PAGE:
BOSTON, OCT. 4 -- Author Stephen King was among the patrons at Fenway Park Wednesday night, as he often is throughout the baseball season. The Boston Red Sox, after all, are quite an inspiration for horrific tales.
And, indeed, another chilling twist seemed about to beset the Red Sox Wednesday as they battled their burdensome past, the distant Toronto Blue Jays and the Chicago White Sox all at once. The witching hour was on its way to a slightly early arrival when, at 10:36 p.m., much of New England gasped and braced for another excruciating, tormenting baseball failing.
The Red Sox were one strike from clinching the American League East title, but the crack of Ozzie Guillen's bat turned Fenway's roars of expectant glee into shudders of pending doom. The White Sox' shortstop had beaten the Red Sox with an 11th-inning single the night before, and -- with two Chicago runners aboard in a game the White Sox trailed, 3-1, in the ninth inning -- this solidly struck line drive toward the right field corner threatened to deal Boston's playoff chances a potential death blow.
Guillen said later that he thought he had at least a game-tying double -- and perhaps a go-ahead home run. Pinch runner Rodney McCray lowered his head as he took off from first base, intent upon scoring.
"I wasn't worrying about it being caught," McCray said. "There was no chance of that in my mind. I just wanted to make sure I scored when the ball fell in."
Tom Brunansky saw matters unfolding otherwise. The Boston right fielder already had been the centerpiece of the Red Sox' push toward the East Division title the season's last week, and he insisted as everyone crowed around his locker into the early-morning hours of today that he knew all along he'd catch the ball.
He raced toward the foul line, seemingly on his way at the instant of impact between bat and ball. He dived kamikaze-style as he reached the warning track, and a final lunge even as he slid across the ground allowed him to catch the ball.
"That's what no one noticed," he said. "I had to squirm a little bit on the dirt and get my arm out a little farther. I'll probably need shoulder surgery for that one. It'd be worth it, though."
The play prompted immediate bedlam in Fenway. Guillen stood between first and second base and looked toward right field disbelievingly. The Red Sox rushed the field in celebration, and a few fans managed to break through the line of mounted police to join them.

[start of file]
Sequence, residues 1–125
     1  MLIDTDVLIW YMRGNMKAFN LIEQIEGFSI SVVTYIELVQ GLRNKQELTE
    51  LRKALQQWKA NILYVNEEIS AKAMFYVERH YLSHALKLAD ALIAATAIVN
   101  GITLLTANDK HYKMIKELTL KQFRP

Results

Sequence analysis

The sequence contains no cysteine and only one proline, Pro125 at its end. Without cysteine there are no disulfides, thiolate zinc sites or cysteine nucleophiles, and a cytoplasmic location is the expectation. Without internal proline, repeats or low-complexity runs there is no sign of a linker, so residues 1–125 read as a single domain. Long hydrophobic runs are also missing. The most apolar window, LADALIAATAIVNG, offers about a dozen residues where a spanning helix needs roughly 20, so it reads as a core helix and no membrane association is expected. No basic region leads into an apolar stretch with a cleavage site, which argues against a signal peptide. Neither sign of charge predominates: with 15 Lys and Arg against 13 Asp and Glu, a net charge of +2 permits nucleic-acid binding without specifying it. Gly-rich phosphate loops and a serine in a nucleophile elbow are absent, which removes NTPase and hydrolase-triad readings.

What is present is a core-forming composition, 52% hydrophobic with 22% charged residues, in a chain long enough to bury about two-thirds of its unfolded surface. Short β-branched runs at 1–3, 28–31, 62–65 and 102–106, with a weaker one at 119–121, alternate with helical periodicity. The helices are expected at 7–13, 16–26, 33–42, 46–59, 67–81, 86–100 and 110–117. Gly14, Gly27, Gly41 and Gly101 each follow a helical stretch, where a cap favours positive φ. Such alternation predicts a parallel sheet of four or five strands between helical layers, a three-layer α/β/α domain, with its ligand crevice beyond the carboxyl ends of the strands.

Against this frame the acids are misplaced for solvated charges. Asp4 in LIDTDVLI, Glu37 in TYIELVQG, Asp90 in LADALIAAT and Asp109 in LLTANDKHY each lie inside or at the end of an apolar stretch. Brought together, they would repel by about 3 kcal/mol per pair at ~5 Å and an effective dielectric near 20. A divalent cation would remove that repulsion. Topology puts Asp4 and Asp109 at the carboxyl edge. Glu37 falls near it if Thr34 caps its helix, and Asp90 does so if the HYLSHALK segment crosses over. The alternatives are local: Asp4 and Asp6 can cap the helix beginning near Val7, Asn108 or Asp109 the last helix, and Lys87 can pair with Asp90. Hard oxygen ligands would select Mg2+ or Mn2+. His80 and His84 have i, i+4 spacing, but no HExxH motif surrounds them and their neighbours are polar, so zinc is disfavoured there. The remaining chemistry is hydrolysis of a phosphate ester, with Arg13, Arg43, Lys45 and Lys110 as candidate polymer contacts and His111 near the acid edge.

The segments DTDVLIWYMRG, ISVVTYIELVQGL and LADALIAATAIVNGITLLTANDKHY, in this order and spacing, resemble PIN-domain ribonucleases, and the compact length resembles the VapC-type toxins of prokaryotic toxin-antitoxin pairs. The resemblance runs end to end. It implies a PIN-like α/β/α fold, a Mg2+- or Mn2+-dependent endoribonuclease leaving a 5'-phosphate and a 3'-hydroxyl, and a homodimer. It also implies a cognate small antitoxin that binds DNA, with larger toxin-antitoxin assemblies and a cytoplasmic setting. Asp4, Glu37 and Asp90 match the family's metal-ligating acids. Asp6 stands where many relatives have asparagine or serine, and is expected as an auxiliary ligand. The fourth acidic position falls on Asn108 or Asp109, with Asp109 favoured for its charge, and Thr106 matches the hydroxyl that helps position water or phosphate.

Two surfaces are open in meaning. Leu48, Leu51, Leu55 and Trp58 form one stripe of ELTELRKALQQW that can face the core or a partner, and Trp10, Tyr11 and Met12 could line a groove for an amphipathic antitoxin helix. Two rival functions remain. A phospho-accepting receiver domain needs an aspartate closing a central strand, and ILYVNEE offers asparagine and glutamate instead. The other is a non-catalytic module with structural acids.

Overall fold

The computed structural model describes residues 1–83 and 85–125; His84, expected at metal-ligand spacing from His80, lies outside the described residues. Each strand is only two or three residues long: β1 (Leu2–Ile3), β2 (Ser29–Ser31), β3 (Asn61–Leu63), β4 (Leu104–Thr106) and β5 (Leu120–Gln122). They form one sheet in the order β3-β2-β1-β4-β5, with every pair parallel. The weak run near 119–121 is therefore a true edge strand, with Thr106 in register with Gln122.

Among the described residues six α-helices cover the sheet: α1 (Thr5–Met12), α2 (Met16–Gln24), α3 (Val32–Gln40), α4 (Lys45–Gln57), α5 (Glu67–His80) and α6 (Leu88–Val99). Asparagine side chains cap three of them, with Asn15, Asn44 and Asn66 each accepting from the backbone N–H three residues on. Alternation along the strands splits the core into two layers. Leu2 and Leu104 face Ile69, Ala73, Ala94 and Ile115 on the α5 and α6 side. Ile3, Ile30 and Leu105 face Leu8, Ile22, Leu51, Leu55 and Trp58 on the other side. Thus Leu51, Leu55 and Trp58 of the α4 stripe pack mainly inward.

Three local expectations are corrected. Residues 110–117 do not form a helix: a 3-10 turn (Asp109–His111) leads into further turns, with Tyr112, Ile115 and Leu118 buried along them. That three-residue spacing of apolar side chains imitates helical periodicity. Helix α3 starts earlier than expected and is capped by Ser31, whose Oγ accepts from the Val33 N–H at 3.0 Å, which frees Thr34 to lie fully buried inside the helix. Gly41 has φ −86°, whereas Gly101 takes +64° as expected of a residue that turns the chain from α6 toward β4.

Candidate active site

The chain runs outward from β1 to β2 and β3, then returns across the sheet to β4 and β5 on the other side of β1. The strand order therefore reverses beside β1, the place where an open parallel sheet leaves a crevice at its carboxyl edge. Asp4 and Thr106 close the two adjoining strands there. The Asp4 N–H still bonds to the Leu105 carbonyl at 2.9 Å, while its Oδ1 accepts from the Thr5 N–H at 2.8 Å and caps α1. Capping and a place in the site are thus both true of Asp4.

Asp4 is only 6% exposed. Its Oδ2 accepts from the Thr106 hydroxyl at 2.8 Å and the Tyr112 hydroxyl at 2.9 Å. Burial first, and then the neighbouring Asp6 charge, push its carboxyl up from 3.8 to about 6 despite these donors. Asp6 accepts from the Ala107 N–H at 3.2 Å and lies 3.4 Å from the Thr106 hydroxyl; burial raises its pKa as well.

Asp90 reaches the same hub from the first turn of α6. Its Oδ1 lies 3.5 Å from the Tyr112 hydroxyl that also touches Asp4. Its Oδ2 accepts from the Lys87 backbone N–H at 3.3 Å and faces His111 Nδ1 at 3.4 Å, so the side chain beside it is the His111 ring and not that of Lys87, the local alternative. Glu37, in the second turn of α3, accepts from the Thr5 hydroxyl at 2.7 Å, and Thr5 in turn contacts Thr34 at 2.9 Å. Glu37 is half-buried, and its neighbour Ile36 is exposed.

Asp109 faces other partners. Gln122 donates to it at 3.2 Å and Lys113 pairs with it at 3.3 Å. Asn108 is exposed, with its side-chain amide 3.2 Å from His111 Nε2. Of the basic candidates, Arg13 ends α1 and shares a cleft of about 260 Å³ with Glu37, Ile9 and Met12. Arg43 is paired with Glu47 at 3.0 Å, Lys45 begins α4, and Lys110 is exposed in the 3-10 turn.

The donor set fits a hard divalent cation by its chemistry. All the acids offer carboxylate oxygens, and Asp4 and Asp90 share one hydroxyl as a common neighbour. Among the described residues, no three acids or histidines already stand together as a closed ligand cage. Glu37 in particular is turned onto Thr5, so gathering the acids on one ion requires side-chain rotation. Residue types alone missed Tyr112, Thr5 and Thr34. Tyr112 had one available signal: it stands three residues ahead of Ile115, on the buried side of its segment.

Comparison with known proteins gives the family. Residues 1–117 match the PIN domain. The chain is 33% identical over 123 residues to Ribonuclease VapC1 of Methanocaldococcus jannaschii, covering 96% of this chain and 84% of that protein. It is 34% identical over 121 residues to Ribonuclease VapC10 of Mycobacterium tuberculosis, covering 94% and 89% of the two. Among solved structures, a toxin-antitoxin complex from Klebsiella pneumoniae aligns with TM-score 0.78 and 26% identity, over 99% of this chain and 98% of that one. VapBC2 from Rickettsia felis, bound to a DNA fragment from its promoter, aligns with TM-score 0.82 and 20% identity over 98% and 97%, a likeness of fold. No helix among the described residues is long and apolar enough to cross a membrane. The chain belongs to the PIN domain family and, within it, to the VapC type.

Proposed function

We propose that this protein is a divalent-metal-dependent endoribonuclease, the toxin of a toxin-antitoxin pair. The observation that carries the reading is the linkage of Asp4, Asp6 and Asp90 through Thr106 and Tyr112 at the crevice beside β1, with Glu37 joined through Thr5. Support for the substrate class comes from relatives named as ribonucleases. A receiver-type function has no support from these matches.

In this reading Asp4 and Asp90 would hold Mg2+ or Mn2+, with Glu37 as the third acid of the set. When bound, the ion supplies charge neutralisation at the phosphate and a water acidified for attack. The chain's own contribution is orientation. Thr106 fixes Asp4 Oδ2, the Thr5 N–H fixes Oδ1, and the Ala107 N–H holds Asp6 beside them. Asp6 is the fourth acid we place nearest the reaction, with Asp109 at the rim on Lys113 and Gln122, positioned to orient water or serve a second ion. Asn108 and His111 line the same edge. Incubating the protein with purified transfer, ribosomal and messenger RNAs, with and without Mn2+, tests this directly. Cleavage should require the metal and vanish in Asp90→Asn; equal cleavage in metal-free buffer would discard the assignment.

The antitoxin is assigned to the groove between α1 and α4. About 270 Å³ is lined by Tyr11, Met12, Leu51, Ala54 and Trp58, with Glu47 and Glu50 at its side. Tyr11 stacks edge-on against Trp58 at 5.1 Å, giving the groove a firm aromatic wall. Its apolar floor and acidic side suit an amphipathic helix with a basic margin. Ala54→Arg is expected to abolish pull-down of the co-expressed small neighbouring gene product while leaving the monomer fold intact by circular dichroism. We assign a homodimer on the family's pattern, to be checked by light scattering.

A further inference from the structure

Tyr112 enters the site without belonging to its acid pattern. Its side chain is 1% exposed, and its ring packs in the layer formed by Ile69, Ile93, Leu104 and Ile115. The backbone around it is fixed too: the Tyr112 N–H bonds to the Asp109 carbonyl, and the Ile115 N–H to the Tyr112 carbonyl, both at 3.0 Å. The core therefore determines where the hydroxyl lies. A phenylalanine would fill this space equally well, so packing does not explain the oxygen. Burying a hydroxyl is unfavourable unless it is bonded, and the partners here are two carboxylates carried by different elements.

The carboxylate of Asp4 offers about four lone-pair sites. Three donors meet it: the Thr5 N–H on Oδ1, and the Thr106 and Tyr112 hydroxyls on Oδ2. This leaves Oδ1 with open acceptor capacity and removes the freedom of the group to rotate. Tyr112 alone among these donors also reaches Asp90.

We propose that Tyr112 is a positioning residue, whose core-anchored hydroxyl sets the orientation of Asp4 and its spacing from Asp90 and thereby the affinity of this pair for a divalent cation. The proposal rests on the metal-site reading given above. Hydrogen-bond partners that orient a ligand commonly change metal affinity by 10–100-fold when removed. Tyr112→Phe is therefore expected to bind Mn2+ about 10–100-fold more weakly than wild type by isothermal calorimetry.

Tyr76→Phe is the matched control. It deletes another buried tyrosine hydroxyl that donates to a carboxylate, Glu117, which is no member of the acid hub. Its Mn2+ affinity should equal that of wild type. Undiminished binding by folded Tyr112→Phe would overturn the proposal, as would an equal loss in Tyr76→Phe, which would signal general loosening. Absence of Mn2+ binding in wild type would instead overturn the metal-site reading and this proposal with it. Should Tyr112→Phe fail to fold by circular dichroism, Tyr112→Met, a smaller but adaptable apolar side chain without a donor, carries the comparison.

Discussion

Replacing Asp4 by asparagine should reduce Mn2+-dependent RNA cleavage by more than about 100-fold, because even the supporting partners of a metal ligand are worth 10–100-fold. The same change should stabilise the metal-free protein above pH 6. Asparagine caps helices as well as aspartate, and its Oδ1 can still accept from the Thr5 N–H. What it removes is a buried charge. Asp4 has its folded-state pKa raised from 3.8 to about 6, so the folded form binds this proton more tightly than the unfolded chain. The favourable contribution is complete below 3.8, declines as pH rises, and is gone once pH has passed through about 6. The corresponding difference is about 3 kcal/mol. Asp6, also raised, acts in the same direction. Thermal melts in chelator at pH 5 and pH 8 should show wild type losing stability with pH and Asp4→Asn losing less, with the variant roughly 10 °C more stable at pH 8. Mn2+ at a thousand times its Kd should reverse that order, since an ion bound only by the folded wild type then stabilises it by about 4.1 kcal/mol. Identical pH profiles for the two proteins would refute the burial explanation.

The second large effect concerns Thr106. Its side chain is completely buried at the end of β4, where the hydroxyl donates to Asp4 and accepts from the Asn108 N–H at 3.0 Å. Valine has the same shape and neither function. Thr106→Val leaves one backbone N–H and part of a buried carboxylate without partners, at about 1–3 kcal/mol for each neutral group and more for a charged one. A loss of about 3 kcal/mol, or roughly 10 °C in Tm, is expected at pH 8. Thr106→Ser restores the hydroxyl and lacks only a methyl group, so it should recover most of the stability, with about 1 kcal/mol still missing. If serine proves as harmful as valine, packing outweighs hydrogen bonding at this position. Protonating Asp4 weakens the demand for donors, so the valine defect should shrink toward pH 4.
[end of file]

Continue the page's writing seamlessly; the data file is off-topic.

In Baltimore, the second-place Blue Jays looked toward Memorial Stadium's Diamond Vision screen and saw their season collapse. Like many onlookers here, Toronto's players wondered whether Brunansky had dropped the ball, for he jumped up immediately afterward and pursued something a few feet from him.
It was only his dislodged cap that he was after. By Brunansky's account, first-base umpire Tim McClelland ran toward him, wanting to see the ball. "The way I was running and chasing after my hat, maybe he thought it had popped out of my glove," Brunansky said.
"But I was yelling, 'Timmy, I've got the ball. I've got the ball!' " He wanted to see it, so I just gave it to him."
McClelland later noticed that the memento had been unceremoniously discarded in a laundry basket in the umpires' dressing room. So he took the ball to Boston's raucous postgame clubhouse and returned it to Brunansky. "This is a keeper, all right," Brunansky said.
So too is 1990 for the Red Sox. In 72 years of championship-free baseball and numerous late-season collapses, rarely have they been called overachievers. Yet that's what they were this season.
They couldn't hit homers or steal bases, so they couldn't score many runs. They had to rely on the less-than-accomplished trio of Tom Bolton, Dana Kiecker and Greg Harris for three-fifths of their starting rotation. Their bullpen was suspect, and dubiously timed injuries plagued them all year.
But they persevered and prospered, partly because the AL East was so forgiving (Boston finished 88-74, two games ahead of Toronto) -- but also because their resolve never was extinguished.